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I have a bizarre case...

Recovery   (1,849 Views 16 Comments)
by GladiatorBill GladiatorBill (New Member) New Member

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I am going to try to keep this as short and sweet as possible. I tested positive for drug use at work and I’m sure the plan is for me to enter an IPN. 

 

Okay but heres the thing. 

 

I have a diagnosis of MDD. About two months ago i started taking 300 mg Wellbutrin daily. About one month ago..... my brain broke. I went from ‘normal’ to ‘not normal’. I was having massive constant panic and anxiety, suicidality, i would sit at home and cry all day every day when i didn’t work, and then at work i was like a frantic madman. I went and bought drugs from homeless people in the park, don’t even know what i bought. I would IV it. 

 

I called and told my Psych NP something was really wrong. He told me to discontinue the Wellbutrin immediately. Prescribed Ativan. I THEN found out i was staying up hours later than i thought i was, running around the house speaking gibberish. (My sister and i live together). I got tested 3 days later. 

 

I have now been off the Wellbutrin for 10 days and all of these symptoms have completely resolved. I disclosed to my Psych NP and stopped the Wellbutrin JUST prior to this going down and i can supply the medical records to prove it. 

. I’m sure I’ll get fired I’m just waiting on the call.... but.... how the heck do i proceed from here? I don’t do drugs. I mean i did, for two weeks i was a fiend. I dunno. I’m pretty bummed about this. 

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352 Posts; 4,800 Profile Views

Get an attorney and a doc or NP who can attest to your dilemma.  The attorney needs to be one who can defend your license.

Congratulations on getting the help you need!  Stay strong and visit this forum for support! 

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6 Posts; 244 Profile Views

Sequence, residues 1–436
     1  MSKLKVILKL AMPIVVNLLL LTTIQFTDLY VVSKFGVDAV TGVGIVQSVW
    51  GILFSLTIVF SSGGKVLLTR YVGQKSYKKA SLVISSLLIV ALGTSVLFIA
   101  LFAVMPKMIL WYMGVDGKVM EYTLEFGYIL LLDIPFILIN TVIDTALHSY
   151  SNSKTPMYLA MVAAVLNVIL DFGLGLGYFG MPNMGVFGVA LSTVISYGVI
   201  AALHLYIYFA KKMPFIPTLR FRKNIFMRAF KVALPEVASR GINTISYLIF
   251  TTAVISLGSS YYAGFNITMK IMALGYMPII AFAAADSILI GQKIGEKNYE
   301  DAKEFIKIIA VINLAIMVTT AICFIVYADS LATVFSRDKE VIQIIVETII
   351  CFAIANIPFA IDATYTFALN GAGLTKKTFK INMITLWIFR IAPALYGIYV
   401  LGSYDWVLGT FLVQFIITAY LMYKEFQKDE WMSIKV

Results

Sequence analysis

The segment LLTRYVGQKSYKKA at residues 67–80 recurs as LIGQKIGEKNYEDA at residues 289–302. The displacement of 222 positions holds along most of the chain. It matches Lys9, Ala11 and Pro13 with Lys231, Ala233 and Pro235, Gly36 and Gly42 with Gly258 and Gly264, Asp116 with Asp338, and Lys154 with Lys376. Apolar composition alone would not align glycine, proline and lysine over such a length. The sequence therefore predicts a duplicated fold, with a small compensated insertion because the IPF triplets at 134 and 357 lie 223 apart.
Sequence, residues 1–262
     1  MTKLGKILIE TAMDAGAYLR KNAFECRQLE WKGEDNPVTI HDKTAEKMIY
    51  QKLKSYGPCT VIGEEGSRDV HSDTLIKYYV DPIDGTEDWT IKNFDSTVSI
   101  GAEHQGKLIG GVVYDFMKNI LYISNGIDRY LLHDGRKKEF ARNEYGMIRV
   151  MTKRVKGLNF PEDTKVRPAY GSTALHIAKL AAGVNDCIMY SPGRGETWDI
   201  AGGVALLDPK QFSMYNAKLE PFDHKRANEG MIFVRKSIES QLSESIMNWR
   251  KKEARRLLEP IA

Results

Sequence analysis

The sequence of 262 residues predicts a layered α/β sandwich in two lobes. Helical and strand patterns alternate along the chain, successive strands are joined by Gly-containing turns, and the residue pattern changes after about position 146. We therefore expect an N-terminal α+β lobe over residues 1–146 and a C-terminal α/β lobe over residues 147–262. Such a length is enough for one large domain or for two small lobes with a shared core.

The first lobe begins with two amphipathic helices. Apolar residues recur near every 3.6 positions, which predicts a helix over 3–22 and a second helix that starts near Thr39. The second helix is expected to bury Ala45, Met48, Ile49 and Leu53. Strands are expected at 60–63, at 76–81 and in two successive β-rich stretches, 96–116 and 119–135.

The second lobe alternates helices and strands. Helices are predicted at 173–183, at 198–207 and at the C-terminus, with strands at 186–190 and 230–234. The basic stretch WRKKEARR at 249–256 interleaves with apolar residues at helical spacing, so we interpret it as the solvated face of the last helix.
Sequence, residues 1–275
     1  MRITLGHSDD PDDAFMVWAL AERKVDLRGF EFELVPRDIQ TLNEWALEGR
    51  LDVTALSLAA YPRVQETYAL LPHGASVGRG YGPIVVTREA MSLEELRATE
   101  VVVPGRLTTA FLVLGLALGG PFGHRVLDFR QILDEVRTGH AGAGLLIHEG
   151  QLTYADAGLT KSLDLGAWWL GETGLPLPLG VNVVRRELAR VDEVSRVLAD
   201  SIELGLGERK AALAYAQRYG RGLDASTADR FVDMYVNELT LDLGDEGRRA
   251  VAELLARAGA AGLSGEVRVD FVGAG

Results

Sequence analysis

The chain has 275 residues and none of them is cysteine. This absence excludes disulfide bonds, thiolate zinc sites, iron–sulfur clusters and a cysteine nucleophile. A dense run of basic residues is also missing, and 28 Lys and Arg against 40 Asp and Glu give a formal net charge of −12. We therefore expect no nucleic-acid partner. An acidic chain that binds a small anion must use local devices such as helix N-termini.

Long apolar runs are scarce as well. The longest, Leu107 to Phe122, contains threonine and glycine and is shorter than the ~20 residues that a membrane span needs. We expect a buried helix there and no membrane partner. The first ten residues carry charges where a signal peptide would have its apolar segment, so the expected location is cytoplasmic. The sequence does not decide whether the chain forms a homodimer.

Thanks. I’m kind of intimidated and freaked out, because i honestly don’t need help with substance abuse. I have a heck of a problem with Wellbutrin though, and it looks like research backs it up. I have never behaved that erratically in my life. I have contacted a lawyer and have a psych NP who can vouch for this. 

 

I already set up a Peer Assistance appt should i wait to see if i will need to enter it? 

Edited by GladiatorBill

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352 Posts; 4,800 Profile Views

If you tested positive at work, assume they will report you to the BON.  If you have already entered/self-reported and start a confidential program, that may be better in terms of the BON not forcing you into a "public" discipline.  I am not sure what state you are in or how your BON works.

Since you have an attorney, I would consult them and see how they want you to proceed.

Good luck to you and keep visiting here, for support!  We cannot give legal advise but we sure can offer the support you seek!

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6 Posts; 244 Profile Views

I’m in Colorado. I haven’t entered yet. Given what i have now fervently researched all night, i have learned that dose increases on Wellbutrin can cause a switch into manic behavior. Which of course subside with dc of the medication, so now i get to fight THIS battle. Kool. 

 

I have the meeting w Peer Assistance scheduled but from what I’ve read here it appears they don’t care too much about the details surrounding the case. 

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38 minutes ago, GladiatorBill said:

I have the meeting w Peer Assistance scheduled but from what I’ve read here it appears they don’t care too much about the details surrounding the case. 

That is probably true.  Remember they have likely heard every single possible story to "justify" (and I am not saying you are wrong for doing so) any type of positive drug screen/scenario.

However, I am not positive, but I would guess getting into a self-reported program before the board comes knocking will be better for your outcome.  You probably won't get out of monitoring, but, at hopefully, once done, you will have an unencumbered license.